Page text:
One of the most irritating occurrences when driving through built-up areas and inner cities is having your junction blocked off by another motorist who decided to waltz into a yellow box with no thought as to how they were going to exit. The knock-on effect of this terrible road etiquette is monumental, as it can sometimes mean that the blocked off of traffic don’t filter through at all and the tailbacks just grow and grow.
The worst part of it all? These selfish and careless drivers are rarely if ever, punished - unless you’re in London or Cardiff, where the rules are enforced.
That is all about to change. Local councils are being given the power to enforce these moving traffic violations. Surely they already have the power to do so? Apparently not. Under the Traffic Management Act 2004 councils needed to apply for powers to tackle bus lane contraventions, parking violations and moving traffic violations. Parking and bus lane violations have been enforced by many councils but not moving traffic violations. There are concerns that these minor offences are using up the valuable time of our police force, who would be better off policing more serious crimes.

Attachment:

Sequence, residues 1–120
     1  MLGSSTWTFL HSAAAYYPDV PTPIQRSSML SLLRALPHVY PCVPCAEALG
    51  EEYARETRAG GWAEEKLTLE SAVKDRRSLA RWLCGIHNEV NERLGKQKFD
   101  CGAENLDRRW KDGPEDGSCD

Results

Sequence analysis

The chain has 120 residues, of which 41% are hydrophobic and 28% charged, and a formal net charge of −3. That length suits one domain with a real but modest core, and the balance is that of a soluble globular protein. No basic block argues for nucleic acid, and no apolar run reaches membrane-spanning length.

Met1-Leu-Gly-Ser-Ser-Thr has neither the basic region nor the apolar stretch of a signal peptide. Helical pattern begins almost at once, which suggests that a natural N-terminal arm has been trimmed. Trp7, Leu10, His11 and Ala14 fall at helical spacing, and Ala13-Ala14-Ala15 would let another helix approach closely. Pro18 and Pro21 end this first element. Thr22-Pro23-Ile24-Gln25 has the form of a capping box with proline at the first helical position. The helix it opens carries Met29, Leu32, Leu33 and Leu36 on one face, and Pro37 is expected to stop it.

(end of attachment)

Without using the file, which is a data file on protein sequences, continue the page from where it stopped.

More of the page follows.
Our readership in London might be a bit confused as to what all of this is about. Yellow box violations have been enforced for 15 years now and in the 2017/18 financial year, over £16million worth of fines were handed to careless motorists. One yellow box junction in Croydon gathers up to £62,000 per year according to the RAC.
For the few of us who aren’t in London though, this should be a considered a welcomed change of legislation. Soon enough, entering a yellow box junction without a clear exit will land the driver with a £130 fine and, because it is the local councils who will be deciding where these rules are enforced, you can expect the worst affected junctions to be targetted first.
Transport Secretary Grant Shapps stated: “I have been looking at powers outside of London provided to local areas to do some of these things, and think that I’ll shortly be making an announcement.”
There are concerns that these new powers could be used as a cash cow, particularly in areas where the infrastructure and traffic flow is too poorly managed for yellow boxes to be used effectively. One yellow box junction in Fulham apparently raised £2.4 million in fines across 18 months - which leads us to believe that the road layout is partly to blame, and not just the motorists themselves…
We’re always interested to hear your thoughts on stories like this one, so please leave your comments below and tell us which famous yellow box junctions you think need targetting first.